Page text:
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Soon I am going to start doing some side work for UberEats on my bike. I am trying to find a pannier rack to put on my mountain bike. My problem is that I am having a hard time finding one that will work since I am new to bikes in general. I have a Huffy 24" Trail Runner Full Suspension Mountain Bike. I hear you are not able to attach a pannier rack to mountain bikes because of the suspension, others say you can.

https://www.walmart.com/ip/Huffy-24-Trail-Runner-Girls-Full-Suspension-Mountain-Bike/440388821

If I could have some help picking one that will fit my kind of bike that would be very helpful. Also if you deliver food on a bike, Do you have any tips?

enter image description here

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    Just a comment: Such a cheap and low quality bike will make riding quite hard. Especially the cheap suspension will eat a lot of power. If you need the bike more often and find riding hard I’d recommend getting something better (can be a used bike, basically anything will be significantly better, especially if it doesn’t have cheap suspension).
    – Michael
    Aug 4 at 8:58
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    All the bike food delivery folk around here use backpacks to minimize the shocks that the food packages take. There's also the problem that it might be hard to fit the bundles of containers that the restaurants prepare in a pannier (square and flat vs. rectangular and tall).
    – DavidW
    Aug 4 at 13:59
  • Also, at this price point, it is much better to buy a hard-tail (or even a fixed-fork) mountain bike. And there are no issues with real racks on hard-tail bikes.
    – Vladimir F
    Aug 5 at 11:37
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Yes you can add a parcel rack on the rear, but since the relationship between frame and rear axle changes because of the suspension, your rack has to either account for this movement, or be completely above or below the suspension.

Below suspension:
enter image description here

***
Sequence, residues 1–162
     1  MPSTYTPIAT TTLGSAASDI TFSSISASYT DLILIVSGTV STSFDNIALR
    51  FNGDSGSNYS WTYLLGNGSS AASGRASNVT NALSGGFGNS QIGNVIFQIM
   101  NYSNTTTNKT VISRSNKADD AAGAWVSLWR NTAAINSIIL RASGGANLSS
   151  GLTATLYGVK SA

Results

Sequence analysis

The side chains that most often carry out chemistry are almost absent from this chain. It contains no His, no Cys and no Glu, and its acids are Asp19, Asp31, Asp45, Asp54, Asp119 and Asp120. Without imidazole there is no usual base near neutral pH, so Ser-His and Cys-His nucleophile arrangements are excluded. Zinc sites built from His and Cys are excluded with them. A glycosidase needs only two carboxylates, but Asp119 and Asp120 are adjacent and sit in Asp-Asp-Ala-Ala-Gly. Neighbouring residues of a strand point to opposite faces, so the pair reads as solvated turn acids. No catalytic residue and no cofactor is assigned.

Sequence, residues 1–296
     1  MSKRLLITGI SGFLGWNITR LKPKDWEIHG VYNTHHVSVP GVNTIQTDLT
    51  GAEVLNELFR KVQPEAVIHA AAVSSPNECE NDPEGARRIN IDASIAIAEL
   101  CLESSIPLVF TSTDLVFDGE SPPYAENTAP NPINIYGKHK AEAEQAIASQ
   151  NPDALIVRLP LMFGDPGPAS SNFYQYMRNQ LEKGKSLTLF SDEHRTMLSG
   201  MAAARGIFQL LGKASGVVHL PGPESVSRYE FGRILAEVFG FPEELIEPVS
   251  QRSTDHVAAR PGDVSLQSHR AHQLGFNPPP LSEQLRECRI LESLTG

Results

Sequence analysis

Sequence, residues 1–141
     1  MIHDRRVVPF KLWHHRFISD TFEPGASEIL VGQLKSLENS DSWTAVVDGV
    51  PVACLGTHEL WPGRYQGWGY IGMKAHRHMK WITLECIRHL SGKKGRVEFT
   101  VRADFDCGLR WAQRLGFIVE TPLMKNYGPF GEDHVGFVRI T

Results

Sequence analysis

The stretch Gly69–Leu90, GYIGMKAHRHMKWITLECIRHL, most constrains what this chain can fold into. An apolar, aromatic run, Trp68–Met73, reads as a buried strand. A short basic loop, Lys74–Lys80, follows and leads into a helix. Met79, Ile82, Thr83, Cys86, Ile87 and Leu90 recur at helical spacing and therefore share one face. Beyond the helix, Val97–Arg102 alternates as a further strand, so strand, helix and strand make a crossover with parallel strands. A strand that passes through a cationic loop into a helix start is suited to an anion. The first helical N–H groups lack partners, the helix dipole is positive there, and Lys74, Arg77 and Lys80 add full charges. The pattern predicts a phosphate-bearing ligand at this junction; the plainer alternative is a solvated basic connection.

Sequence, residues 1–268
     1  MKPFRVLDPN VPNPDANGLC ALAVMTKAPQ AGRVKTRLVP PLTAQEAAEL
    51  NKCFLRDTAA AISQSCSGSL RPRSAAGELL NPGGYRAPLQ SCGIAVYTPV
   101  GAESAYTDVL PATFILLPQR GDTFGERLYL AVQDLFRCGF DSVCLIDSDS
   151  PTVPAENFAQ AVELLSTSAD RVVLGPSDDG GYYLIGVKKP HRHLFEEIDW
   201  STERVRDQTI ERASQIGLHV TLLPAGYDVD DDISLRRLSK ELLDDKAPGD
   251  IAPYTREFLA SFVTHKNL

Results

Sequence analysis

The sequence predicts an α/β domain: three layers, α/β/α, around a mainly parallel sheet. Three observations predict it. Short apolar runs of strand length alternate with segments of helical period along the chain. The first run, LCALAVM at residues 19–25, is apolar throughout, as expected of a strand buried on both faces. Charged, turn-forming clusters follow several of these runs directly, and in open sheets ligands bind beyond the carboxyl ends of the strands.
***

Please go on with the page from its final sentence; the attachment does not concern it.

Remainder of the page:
Source https://www.instructables.com/Bike-rack-for-full-suspension-mountain-bike/
Downside is this one has few triangles and risks wobbling. A lot of the strength is lost by using rectangles in the design, and on a big bump the rack or load may hit the seatpost/saddle.

Above suspension:
enter image description here
Downside of these is there is a lot of leverage, so the total capacity is low. This cantilevered beam rack also concentrates force on your seatpost, adding to the bike's perception of the rider's weight. Also, the bolts have to be super tight to stop the load waggling like a dog's tail as you ride.


You might consider a front rack, which goes over your front wheel. Downside, weight there affects steering, and impacts your visibility to the road surface. Also your photo shows V brakes, which might get in the way. Sometimes called a radonneuring rack.

A front-rack


You would probably benefit from a box/basket or milk crate on top of your racks. This lets you put items in without having to strap them down and crush them. Thermally lined shopping bags go inside the crate nicely.


Another option is a trailer behind your bike, which will allow bigger loads, better insulation, a less-stealable bike, and more visibility. Downside, more tyres on road means more drag, and 2-wheel trailers add width.


Last resort is to get another bike without rear suspension. This might be the best long-term plan and you can store the MTB for use off-road and all those MTB-like rides. Since uber-eats was mentioned, presumably you live urban with sealed roads. With a load on, you would not be riding off curbs/kerbs because that damages the product, so suspension is less needed.

Aside - never leave anything on your bike while away from it. Carry phones/money etc on your person at all times. Depending on your location, the bike could end up being stolen while you're elsewhere.

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Most racks attach around the seatpost clamp or the tops of the chainstays, and to eyelets at the rear dropouts. The reason that attaching a rack to a bike with rear suspension is problematic is that the distance between these points is constantly changing as the suspension flexes.